A Bill to Extend the Use of Tents for Outdoor Dining Until 2024 Also Cleared the Assembly Commerce Committee
(TRENTON) – Helping small businesses in New Jersey offset future scheduled increases in unemployment insurance contributions, Assembly members Roy Freiman, Louis Greenwald, Annette Chaparro, and Chris Tully sponsor legislation to provide corporate business tax and gross income tax credits to small employers. The bill was advanced by the Assembly Commerce and Economic Development Committee on Thursday.
“This legislation will help over 70 percent of New Jersey businesses pay for scheduled unemployment insurance tax increases,” said Assemblyman Freiman (D-Somerset, Mercer, Middlesex, Hunterdon). “With tax credits, we can offset the impact of any increases in unemployment insurance tax small businesses will see in the next few years.”
“We’re putting money back into the pockets of small business owners allowing them to grow their operations and invest in their employees,” said Majority Leader Greenwald (D-Camden, Burlington). “Small businesses are the backbone of the economy. Their success is our success. This legislation will help relieve a potential burden that can hurt many small employers.”
Under the bill (A-3683), the corporate business tax and gross income tax credits would be available for taxable years beginning in 2023 and 2024 and based on potential increases an employer sees in unemployment insurance (UI) contributions in Fiscal Years 2023 and 2024. The tax credit would be available to small businesses that have not used other grants and subsidies to offset the increase in contributions. The measure was amended to strengthen transparency, including requiring the Department of Labor to provide a minimum of 30-days notice to employers when the UI rate will change.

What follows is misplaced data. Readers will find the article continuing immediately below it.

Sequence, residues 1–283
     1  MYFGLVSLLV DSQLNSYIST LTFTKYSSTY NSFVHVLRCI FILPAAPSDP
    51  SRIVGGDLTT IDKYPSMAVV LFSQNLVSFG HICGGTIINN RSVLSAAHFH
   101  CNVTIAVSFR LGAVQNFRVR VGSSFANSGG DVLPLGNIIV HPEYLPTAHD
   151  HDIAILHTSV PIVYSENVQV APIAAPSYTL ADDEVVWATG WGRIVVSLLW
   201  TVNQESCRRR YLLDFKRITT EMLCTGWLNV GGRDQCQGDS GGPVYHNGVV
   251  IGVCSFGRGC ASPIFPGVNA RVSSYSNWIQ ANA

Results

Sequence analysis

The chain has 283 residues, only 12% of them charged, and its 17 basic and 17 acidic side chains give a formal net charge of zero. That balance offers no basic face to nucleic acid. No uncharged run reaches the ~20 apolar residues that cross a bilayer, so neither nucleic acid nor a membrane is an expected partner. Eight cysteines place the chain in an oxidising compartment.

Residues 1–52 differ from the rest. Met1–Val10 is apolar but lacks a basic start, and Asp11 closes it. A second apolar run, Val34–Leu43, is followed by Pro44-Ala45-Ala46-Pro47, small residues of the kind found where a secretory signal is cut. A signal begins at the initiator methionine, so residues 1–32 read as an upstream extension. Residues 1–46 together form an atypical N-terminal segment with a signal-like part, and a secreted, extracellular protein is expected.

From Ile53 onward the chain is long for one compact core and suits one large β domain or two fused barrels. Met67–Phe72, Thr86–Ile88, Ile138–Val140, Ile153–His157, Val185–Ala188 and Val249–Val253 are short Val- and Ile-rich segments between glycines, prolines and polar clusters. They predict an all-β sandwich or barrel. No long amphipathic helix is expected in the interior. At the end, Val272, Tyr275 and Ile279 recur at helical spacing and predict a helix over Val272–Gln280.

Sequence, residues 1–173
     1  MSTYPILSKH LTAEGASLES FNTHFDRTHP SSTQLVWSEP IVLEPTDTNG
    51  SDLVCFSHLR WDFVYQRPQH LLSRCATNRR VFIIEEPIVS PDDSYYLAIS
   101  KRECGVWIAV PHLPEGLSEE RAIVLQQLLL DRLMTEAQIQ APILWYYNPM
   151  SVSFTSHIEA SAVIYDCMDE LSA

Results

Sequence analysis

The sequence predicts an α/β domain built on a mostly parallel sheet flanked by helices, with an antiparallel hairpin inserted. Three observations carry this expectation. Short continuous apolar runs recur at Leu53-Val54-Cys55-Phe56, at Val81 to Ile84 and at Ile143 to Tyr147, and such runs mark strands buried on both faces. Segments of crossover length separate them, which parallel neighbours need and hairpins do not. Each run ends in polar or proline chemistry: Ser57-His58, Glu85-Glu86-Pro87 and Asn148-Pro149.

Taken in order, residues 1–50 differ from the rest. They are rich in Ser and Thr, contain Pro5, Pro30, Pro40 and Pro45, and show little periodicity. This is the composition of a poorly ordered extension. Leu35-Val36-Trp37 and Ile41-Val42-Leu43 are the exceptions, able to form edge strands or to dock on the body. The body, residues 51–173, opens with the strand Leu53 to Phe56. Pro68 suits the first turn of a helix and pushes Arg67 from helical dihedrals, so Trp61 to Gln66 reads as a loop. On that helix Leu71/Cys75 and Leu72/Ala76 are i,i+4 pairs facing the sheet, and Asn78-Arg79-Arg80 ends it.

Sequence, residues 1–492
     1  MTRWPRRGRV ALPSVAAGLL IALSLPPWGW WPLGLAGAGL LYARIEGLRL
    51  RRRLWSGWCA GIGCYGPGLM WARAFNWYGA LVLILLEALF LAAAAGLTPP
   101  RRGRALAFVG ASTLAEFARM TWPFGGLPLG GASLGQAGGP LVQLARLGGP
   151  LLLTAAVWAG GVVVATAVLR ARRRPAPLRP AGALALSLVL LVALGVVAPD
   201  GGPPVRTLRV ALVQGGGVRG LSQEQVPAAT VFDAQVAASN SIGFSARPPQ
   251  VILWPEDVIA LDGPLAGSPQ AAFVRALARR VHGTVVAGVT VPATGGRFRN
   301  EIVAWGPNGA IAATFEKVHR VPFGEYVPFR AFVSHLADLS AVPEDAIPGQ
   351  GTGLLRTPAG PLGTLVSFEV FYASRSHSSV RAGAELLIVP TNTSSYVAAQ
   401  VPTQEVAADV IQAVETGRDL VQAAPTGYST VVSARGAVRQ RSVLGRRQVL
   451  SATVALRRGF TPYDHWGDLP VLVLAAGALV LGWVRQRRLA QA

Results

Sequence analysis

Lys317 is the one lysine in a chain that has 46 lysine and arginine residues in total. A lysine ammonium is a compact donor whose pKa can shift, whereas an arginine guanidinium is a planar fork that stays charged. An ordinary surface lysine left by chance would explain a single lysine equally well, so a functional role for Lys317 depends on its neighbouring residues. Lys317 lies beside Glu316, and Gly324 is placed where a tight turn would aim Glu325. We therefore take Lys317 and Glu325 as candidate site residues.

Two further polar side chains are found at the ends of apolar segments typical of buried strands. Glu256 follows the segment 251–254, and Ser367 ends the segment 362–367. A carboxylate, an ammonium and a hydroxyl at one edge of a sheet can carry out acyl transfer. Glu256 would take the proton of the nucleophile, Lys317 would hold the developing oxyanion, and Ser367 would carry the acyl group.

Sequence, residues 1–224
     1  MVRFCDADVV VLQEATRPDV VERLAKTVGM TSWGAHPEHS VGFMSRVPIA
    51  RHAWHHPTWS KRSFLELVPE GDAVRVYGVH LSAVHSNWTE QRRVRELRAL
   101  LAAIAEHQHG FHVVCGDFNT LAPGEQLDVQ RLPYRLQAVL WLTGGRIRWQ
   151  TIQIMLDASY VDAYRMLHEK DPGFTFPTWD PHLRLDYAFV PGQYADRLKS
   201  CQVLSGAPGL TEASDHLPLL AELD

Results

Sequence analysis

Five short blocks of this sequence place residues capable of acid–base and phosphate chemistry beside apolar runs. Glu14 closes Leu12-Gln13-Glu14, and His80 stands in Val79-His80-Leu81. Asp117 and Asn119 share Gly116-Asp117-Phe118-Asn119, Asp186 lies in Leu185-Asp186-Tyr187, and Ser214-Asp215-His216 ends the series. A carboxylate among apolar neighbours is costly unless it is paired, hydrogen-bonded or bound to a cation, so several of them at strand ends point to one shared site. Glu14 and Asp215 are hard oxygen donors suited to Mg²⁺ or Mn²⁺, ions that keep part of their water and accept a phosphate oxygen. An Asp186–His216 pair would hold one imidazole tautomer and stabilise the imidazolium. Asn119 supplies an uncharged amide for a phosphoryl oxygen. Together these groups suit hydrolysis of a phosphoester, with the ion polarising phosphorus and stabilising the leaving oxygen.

“Small businesses are rebuilding after having to navigate the last two years of the pandemic,” said Assemblywoman Chaparro (D-Hudson). “This legislation is a way to help small businesses keep down the costs associated with rising unemployment tax increases and place that money back into their business.”
“Our small businesses need our support now,” said Assemblyman Tully (D-Bergen, Passaic). “Helping them to stave off tax increases in the coming years will be critical to economic recovery post-pandemic.”
A second small business relief bill (A-3708), sponsored by Assembly members Roy Freiman, Gabriela Mosquera (D-Camden, Gloucester), and Chris Tully, provides an extension on the use of tents and other fixtures until November 30, 2024.
The current law authorizing such uses, enacted as a way to alleviate the financial burden on the restaurant industry and business community, expires on November 30, 2022.
The sponsors issued the following statement on the bill:
“Even with indoor dining back, residents still enjoy dining al fresco. Our businesses are on the road to recovery. Every resource must be available to them while they get back on track. It worked well during the peak of the pandemic and now, many have found this to be an expanded opportunity for restauranteurs and certain businesses. It’s good for small business.”